Monday, April 5, 2010

Pride and Prejudice, Chapters 1-11

For this week we read the first 11 chapters of Pride and Prejudice, and I have to start by saying that this is the Austen novel I've most been looking forward to reading. It's the best known, certainly, and it has spawned two great movie versions — the 1995 BBC series with Colin Firth and Jennifer Ehle and the 2005 film with Keira Knightley and Matthew Macfadyen — so I already know the plot going in. The novel has also lead to innumerable mash-ups, spin-offs, and tributes, so clearly the characters and plot resonate with people to an extent that her other novels do not.

So what I really want to discover about Pride and Prejudice is whether it lives up to the hype. Is Austen's Elizabeth Bennet going to be just as dynamic as her on-screen portrayals? Is Mr. Darcy really the ultimate Austen hero? My gut tells me yes, and at only 11 chapters in, I already like Pride and Prejudice more than I liked Sense and Sensibility; Austen still does too much narrating in lieu of having her characters exhibit or talk about their feelings, but Elizabeth and Darcy have crackling repartee and the Bennet parents are hilarious.

The novel starts with Mrs. Bennet's announcement to her husband that Mr. Bingley, a highly eligible bachelor, has moved into the neighborhood, and she instructs him that he must go visit him so their daughters can meet him. He does, and the sisters — Jane, the eldest, is pretty; Elizabeth is smart; Lydia and Catherine are boy crazy; and Mary is quiet and kind of odd — meet him at a ball, where Bingley is quite taken with Jane. We also meet Bingley's friends who are staying with him — Mr. Darcy, his sisters Caroline Bingley and Mrs. Hurst, along with the latter's husband. Darcy is quite rude to everyone at the ball, refusing to dance and telling Bingley that he doesn't find Elizabeth pretty. Unsurprisingly, Elizabeth and the others want little to do with him, though Miss Bingley keeps blatantly trying to get his attention.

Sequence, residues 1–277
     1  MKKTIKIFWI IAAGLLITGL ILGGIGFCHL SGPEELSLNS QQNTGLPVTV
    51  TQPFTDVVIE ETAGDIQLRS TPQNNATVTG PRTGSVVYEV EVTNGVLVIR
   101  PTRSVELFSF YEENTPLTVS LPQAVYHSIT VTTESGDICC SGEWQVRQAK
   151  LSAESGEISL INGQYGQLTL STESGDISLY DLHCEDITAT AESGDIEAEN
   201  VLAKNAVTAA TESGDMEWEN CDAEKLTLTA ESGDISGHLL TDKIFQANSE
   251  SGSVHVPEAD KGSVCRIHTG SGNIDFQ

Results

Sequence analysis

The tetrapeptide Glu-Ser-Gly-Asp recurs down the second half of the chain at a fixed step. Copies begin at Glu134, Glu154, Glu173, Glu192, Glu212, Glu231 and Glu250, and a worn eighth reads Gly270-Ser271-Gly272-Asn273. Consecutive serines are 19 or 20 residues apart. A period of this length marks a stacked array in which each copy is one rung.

The Bingley sisters invite Jane over for dinner and she falls ill while at their estate (having ridden there on horseback in the rain, per her mother's instructions) and is unable to leave. Elizabeth walks over there to stay with Jane, and both sisters spend time with the Bingleys and Darcy. Elizabeth doesn't care for the Bingley sisters, finding them shallow and frivolous, while she likes Mr. Bingley, mostly because his regard for Jane is obvious.

Austen tells us that Darcy realizes he actually does find Elizabeth pretty, but Elizabeth thinks he is excessively proud. At the close of chapter 11, Elizabeth and Darcy tell each other what they perceive each other's main flaw to be — "Your defect is a propensity to hate everybody," Elizabeth tells Darcy. "And yours… is to willfully misunderstand them," he replies.

And with that, we're off to a great start with this novel. Who's playing along (or has read Pride and Prejudice) before, and what do you think of the book so far?

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